This week try to be aware of your ratio of negative interactions to positive interactions with friends and family. Reflect on whether your positive interactions are in balance, and how you can add to those positive contacts.

Article Suggestions

1. Margalis Fjelstad Ph.D., LMFT “The Five Keys to Mindful Loving” Psychology Today. May 13, 20142

2. David Richo, PhD “Are You Afraid of Love?: How To Work Through the Fear of Love” Omega. Jul 18, 2013

3. David Richo “To Be Myself and Love You Too” Watkin’s Mind Body Spirit. February 14, 2013

4. John Thoburn Ph.D., ABPP “Acceptance: The Foundation of Lasting Relationships” Psychology Today. Posted Dec 10, 2012

5. Robert Solley “Deep Acceptance In Relationships” Aug 24, 2017

Websites

David Richo Website

David Richo, PhD, MFT, is a psychotherapist, teacher, workshop leader, and writer who works in Santa Barbara and San Francisco California. He combines Jungian, poetic, and mythic perspectives in his work with the intention of integrating the psychological and the spiritual. His books and workshops include attention to Buddhist and Christian spiritual practices.

Book Recommendations

How to Be an Adult in Relationships: The Five Keys to Mindful Loving – David Richo , 2002

“Most people think of love as a feeling,” says David Richo, “but love is not so much a feeling as a way of being present.” In this book, Richo offers a fresh perspective on love and relationships—one that focuses not on finding an ideal mate, but on becoming a more loving and realistic person. Drawing on the Buddhist concept of mindfulness, How to Be an Adult in Relationships explores five hallmarks of mindful loving and how they play a key role in our relationships throughout life:

1.  Attention to the present moment; observing, listening, and noticing all the feelings at play in our relationships.
2.  Acceptance of ourselves and others just as we are.
3.  Appreciation of all our gifts, our limits, our longings, and our poignant human predicament.
4.  Affection shown through holding and touching in respectful ways.
5.  Allowing life and love to be just as they are, with all their ecstasy and ache, without trying to take control.

When deeply understood and applied, these five simple concepts—what Richo calls the five A’s—form the basis of mature love. They help us to move away from judgment, fear, and blame to a position of openness, compassion, and realism about life and relationships. By giving and receiving these five A’s, relationships become deeper and more meaningful, and they become a ground for personal transformation.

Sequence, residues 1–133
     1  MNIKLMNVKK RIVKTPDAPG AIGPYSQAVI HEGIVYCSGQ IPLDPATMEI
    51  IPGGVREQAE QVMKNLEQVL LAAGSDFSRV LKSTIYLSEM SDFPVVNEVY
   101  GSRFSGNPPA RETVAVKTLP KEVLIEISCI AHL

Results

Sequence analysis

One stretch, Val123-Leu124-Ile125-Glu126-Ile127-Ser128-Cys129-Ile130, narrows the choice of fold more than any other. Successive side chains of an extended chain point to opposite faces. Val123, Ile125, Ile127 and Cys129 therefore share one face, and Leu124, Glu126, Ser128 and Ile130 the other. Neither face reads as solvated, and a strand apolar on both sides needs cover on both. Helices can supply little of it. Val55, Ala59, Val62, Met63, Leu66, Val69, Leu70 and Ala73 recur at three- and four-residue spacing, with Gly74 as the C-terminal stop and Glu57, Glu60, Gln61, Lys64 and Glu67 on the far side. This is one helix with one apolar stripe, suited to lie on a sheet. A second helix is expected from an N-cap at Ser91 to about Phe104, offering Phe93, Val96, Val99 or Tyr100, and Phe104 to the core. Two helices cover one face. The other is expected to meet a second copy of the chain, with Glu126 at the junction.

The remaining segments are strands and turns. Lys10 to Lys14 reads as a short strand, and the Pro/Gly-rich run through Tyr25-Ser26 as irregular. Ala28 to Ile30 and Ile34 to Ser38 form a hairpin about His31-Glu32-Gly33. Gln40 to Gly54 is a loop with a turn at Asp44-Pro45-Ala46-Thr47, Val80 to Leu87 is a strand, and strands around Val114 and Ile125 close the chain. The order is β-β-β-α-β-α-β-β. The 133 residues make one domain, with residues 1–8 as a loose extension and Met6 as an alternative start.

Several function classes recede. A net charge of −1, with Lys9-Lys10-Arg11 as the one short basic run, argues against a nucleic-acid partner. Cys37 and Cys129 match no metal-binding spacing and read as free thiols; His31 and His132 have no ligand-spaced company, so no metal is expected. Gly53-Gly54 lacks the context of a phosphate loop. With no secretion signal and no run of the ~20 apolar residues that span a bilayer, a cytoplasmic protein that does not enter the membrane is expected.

Videos/Films

Letting go of expectations: Heather Marshall at TEDxGreenville 2014

Published on Jun 15, 2014

In a search for her biological parents, this writer/teacher discovers a serenity in releasing the world around her from her own behavioral presumptions. Heather Marshall begins by telling us a story of her Scottish birth parents — they were young, too young for the age, and without options other than to give her up for adoption. Later, as an adult, as she was waiting to meet her birth mother, she had time to consider what her reaction would be if her mother was dying, obese, an ex-prostitute. How would she react to each of these situations? She dug deep and learned that expectations are like a third party in a relationship, constantly bouncing around in your head. Instead of dwelling on our expectations for others, we should allow ourselves to fully rest in the reality of the moment. “Whatever expectations you have should be kept away from your relationships,” she says. Only in this way can you engage in a truly loving relationship with others.

The Easiest Way to Improve Your Relationship | The Gottman Institute

The Gottman Institute

Published on Aug 8, 2018

The easiest way to improve your relationship is to pay attention to your partner during life’s small, everyday moments. This video shows you how.

Poems

Songs

“You Are a Part of Everything” by Josh Kelley

“All of Me” by John Legend